5 min read

Building a cross-platform C++ library to call from .NET Core

This is the first post in a series of posts where we will learn how to build a cross-platform C++ library which can be seamlessly called from .NET Core applications using P/Invoke on all supported platforms. We will gradually build a library which will take us from a simple “Hello world” to more complex tasks like string and structure manipulations.

All source code is available at my GitHub repo: https://github.com/olegtarasov/CrossplatformNativeTest. You can easily inspect the code for each post using tags. For this post the tag is 1_hello_world.

In this post will set up the environment and cover basic things we will need to compile our native library.

The design

As you probably know, C++ libraries are generally compiled straight to machine code without the use of any intermediate language. This prevents us from compiling a single binary and using it on all platforms. Instead, we will compile a separate binary for each supported platform.

We will also create a single .NET Core application which will call the appropriate native library depending on the platform. This takes us to the task of managing the native binaries. We could just bundle those binaries along with our assembly and it would work. But I prefer to pack native dependencies inside the .NET assembly and then unpack the needed native library at runtime depending on the platform.

Now let's setup our environments under Windows, Linux and MacOs. You can easily omit platforms you are not interested in.

Setting up the environment


Under Windows things are pretty simple: just install Visual Studio 2019 with the following workloads:

  • Desktop development with C++
  • .NET Core cross-platform development

Make sure to select C++ CMake tools for Windows in “Installation details” pane under “Desktop development with C++” workload.


In this post we will use Ubuntu to build and test our library. First of all, we will install essential build tools:

sudo apt install build-essential libssl-dev libcurl4-openssl-dev

Then we will need to install latest CMake. In this post I will cover CMake 3.14 which is the latest version at the time of writing. We will have to compile CMake from source, since most Ubuntu distributions still use older versions in their package repos.

The steps to build CMake are easy:

  1. Visit https://cmake.org/download/ and write down the version of the latest stable release. In my case it's 3.14.5.
  2. Execute these commands substituting the version from step 1:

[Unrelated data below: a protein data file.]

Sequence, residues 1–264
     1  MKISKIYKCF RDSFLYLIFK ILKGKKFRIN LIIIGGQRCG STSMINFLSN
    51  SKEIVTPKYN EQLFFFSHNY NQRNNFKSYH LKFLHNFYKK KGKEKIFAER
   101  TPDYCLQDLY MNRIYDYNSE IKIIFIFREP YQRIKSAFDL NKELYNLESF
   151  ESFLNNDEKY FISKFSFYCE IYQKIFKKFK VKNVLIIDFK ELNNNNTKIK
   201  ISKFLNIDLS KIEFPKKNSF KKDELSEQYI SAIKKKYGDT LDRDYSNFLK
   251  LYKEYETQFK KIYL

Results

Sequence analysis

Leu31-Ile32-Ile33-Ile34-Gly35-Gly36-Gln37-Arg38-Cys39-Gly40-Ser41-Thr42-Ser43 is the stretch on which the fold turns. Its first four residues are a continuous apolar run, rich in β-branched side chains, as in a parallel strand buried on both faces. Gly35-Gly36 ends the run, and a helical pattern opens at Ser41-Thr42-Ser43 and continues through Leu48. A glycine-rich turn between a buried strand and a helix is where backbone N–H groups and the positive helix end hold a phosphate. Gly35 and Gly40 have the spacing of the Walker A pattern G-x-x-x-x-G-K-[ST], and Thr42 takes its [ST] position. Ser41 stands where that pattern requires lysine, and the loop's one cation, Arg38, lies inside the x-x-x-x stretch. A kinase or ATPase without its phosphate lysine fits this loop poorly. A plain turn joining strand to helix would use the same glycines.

wget https://github.com/Kitware/CMake/releases/download/v3.14.5/cmake-3.14.5.tar.gz
tar xf cmake-3.14.5.tar.gz
cd cmake-3.14.5
sudo make install

You can now execute cmake --version. If everything went smoothly, you will see the version you've just installed.

After this we will install .NET Core. There is always an up-to-date version of .NET Core installation instructions here: https://dotnet.microsoft.com/download/linux-package-manager/ubuntu18-04/sdk-current. You can choose your Linux version from the drop-down list and follow the instructions.


Under MacOs we will need to install XCode Command Line Tools. If you already have full XCode installed, skip this step.

Open the Terminal and run

gcc --version

If you already have the tools installed, it will pring gcc version. If not, the dialog will appear which will prompt to install either XCode or just the Command Line Tools. You can install full XCode, but Command Line Tools alone will suffice for our job.

Now let's install Homebrew. It's a command-line package manager for MacOs, much like apt for Ubuntu. We will use Homebrew to install CMake.

Go to Homebrew page at https://brew.sh and execute the installation command at the top of the page.

Now just run:

brew cask install cmake

And after that install latest .NET Core SDK using instructions at https://dotnet.microsoft.com/download.

Creating a cross-platfrom C++ library

Now we will create a simple C++ library with hello() exported function which will print “Hello from [OS]” to console depending on the platform it's run on.

First of all, let's create a heder file for our library.


#if defined DLL_EXPORTS
    #if defined WIN32